Wavelet Noise Thresholding

The wavelet coefficients calculated by a wavelet transform represent change in the time series at a particular resolution. By looking at the time series in various resolutions it should be possible to filter out noise. At least in theory. However, the definition of noise is a difficult one. One of my colleagues commented once that "one person's noise is another's signal". In part this depends on the resolution one is looking at. One algorithm to remove Gaussian white noise is summarized in section 10.5, Chapter 10, of Wavelet Methods for Time Series Analysis by Percival and Walden. The algorithm is:

  1. Calculate a wavelet transform and order the coefficients by increasing frequency. This will result in an array containing the time series average plus a set of coefficients of length 1, 2, 4, 8... The noise threshold will be calculated on the highest frequency coefficient spectrum (this is the largest spectrum).

  2. Calculate the median absolute deviation on the largest coefficient spectrum. The median is calculated from the absolute value of the coefficients. The equation for the median absolute deviation is shown below:

    Here c0, c1, etc... are the coefficients.

    The factor 0.6745 in the denominator rescales the numerator so that is also a suitable estimator for the standard deviation for Gaussian white noise (Wavelet Methods for Time Series Analysis).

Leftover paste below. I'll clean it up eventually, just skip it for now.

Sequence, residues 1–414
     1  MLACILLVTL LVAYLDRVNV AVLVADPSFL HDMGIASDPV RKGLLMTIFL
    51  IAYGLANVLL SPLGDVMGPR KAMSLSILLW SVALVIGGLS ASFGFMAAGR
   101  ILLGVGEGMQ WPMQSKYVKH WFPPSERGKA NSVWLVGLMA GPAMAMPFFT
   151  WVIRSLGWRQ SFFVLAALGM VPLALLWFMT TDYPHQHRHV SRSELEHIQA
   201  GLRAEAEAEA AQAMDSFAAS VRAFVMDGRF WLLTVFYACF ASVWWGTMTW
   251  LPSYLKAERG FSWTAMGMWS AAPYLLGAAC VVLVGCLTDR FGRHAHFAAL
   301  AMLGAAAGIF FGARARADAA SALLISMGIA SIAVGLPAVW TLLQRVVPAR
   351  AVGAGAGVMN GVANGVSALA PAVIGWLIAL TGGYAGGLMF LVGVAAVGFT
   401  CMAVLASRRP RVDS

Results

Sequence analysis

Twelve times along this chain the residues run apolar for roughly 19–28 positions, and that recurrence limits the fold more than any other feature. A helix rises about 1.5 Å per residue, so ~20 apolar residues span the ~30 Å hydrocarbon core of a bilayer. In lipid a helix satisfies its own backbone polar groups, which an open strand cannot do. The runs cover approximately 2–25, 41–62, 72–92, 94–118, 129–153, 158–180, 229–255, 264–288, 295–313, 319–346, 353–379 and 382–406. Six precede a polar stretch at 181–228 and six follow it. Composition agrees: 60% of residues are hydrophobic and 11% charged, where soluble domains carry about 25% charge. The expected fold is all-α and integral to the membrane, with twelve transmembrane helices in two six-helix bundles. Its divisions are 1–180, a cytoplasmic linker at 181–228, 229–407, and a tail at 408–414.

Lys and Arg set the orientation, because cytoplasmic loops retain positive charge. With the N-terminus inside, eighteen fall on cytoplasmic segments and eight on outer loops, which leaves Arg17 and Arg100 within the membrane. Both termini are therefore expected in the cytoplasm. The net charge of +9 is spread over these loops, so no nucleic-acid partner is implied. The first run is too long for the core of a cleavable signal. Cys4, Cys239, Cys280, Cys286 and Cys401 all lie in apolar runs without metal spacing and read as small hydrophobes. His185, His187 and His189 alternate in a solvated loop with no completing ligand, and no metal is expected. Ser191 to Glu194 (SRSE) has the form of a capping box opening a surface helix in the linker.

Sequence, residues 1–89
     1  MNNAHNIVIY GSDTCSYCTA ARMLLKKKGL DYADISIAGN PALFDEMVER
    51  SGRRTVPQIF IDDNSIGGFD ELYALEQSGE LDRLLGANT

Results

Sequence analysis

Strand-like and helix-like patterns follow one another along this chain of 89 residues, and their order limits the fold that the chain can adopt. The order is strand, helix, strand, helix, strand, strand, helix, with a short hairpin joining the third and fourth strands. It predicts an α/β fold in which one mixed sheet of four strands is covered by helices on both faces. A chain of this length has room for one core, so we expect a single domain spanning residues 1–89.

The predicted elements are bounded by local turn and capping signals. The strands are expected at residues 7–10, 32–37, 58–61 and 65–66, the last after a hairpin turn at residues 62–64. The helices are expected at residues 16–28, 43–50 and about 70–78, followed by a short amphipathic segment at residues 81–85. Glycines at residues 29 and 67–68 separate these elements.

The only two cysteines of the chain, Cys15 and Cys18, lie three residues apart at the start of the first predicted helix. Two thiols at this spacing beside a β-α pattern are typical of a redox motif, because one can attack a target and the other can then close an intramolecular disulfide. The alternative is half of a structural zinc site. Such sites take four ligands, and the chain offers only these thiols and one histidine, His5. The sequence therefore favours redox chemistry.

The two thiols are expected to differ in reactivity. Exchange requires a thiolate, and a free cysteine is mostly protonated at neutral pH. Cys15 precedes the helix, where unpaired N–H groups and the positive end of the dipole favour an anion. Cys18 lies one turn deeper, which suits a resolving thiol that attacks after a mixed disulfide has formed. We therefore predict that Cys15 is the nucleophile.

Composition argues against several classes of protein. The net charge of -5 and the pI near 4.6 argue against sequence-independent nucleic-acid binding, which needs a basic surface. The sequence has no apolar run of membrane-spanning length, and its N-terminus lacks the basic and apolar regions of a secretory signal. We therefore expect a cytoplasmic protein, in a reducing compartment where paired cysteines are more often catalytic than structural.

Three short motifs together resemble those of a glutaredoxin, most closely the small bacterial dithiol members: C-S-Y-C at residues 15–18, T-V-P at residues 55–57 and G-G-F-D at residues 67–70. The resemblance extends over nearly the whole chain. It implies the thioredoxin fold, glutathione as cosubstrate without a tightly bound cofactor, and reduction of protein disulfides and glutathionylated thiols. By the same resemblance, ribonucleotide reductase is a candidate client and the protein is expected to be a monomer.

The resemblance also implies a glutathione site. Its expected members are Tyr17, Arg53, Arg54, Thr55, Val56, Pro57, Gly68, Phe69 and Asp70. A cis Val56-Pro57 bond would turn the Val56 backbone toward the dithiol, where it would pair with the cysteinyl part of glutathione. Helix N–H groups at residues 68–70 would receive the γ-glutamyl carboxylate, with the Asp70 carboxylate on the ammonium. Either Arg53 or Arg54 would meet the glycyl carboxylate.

3. For calculating the noise threshold I have used a modified version of the equation in Wavelet Methods for Time Series Analysis. This equation has been discussed in papers by D.L. Donoho and I.M. Johnstone. This equation is shown below:

    In this equation N is the size of the time series.

  4. Apply a thresholding algorithm to the coefficients. There are two popular versions:

    1. Hard thresholding. Hard thresholding sets any coefficient less than or equal to the threshold to zero.

        if (coef[i] <= thresh)
          coef[i] = 0.0;
    2. Soft thresholding. Hard thresholding sets any coefficient less than or equal to the threshold to zero. The threshold is subtracted from any coefficient that is greater than the threshold. This moves the time series toward zero.

        if (coef[i] <= thresh)
          coef[i] = 0.0;
          coef[i] = coef[i] - thresh;

    I have used hard thresholding. Soft thresholding not only smooths the time series, but moves it toward zero. For my applications this is not a desirable property.

Ian Kaplan, August 2001

Local links:
Applying the Haar Wavelet Transform to Time Series Information
Wavelets in Java